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The Saltire Flag of Scotland

The flag shown on the left of this page represents the Cross of Saint Andrew against a blue background. Saint Andrew was Christ's first missionary, and when condemned to death by the Romans in 60AD, chose this form of cross (the story goes) as he saw himself as being unworthy of a cross of the same type as that on which Jesus had been crucified.

In the 8th Century, Saint Rule (Saint Regulus) experienced a vision in which he was told to take certain of Saint Andrew's bones to the most westerly part of the known world. (Fife !). He came ashore with the relics at a place called Kilrymont, which through its saintly associations became known as Saint Andrew's.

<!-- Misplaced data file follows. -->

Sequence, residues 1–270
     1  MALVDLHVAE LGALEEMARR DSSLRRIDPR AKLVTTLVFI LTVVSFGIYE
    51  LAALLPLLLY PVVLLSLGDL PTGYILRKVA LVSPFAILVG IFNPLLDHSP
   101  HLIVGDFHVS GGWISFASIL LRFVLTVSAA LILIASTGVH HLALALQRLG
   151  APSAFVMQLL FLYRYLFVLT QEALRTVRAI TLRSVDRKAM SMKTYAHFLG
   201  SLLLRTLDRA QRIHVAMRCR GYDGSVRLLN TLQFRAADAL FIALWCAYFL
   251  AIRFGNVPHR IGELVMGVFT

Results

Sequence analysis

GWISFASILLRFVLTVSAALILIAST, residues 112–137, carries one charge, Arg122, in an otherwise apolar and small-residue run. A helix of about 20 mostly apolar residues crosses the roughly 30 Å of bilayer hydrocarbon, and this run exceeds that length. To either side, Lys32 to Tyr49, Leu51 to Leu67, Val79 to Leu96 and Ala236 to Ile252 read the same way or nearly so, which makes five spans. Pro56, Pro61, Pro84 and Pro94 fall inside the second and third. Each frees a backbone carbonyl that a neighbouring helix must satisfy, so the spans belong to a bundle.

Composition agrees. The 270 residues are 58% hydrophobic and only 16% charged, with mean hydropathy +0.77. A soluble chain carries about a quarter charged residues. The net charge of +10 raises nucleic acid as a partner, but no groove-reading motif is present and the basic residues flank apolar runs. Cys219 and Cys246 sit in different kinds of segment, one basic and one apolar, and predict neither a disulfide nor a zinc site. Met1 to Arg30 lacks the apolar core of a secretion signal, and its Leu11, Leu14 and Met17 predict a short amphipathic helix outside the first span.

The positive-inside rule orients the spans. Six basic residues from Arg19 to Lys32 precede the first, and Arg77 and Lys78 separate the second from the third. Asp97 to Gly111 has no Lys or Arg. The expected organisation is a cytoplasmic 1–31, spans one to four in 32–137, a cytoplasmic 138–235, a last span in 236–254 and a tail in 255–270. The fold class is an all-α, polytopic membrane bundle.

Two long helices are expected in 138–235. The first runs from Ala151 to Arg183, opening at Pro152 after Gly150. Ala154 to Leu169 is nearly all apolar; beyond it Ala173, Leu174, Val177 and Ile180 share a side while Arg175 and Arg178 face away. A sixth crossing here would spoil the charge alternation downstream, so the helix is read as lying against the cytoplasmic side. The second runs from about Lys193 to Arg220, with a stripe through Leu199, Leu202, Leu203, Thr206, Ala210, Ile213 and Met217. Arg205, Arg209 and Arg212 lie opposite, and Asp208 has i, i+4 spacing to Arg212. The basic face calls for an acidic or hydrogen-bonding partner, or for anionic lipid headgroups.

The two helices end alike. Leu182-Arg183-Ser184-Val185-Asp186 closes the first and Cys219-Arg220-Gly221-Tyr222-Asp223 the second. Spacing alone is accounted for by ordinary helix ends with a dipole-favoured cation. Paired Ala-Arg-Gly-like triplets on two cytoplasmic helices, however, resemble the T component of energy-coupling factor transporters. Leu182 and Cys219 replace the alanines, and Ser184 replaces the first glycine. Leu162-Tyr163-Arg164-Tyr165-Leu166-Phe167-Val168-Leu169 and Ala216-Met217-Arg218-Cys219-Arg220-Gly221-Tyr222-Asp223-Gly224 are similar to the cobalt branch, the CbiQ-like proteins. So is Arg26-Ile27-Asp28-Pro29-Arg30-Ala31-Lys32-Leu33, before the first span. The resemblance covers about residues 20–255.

Some years later, in 832AD an army of Pictish soldiers, led by Angus mac Feargus (High King of Alba), along with some Scots under Eochaidh (King of Dalriada), were in East Lothian surrounded by a superior (or so they thought) army of Angles, with the Nurthumbrian warrior Athelstan at their head. King Angus, seeing their predicament, thought prayer worthwhile. Apparently as a result of this, white clouds in the blue sky above them formed the shape of the saltire. Angus promised that if they won the day with Saint Andrew's help, he would be adopted as Scotland's patron saint. The Picts and Scots were victorious, and from that day, the Saltire became the flag of Scotland (and possibly the oldest in use in Europe and the Commonwealth).

On 8 June 1999, the U.K. Post Office issued four new stamps for Scotland, the "2nd class" (19p) one of which showed the Saltire.

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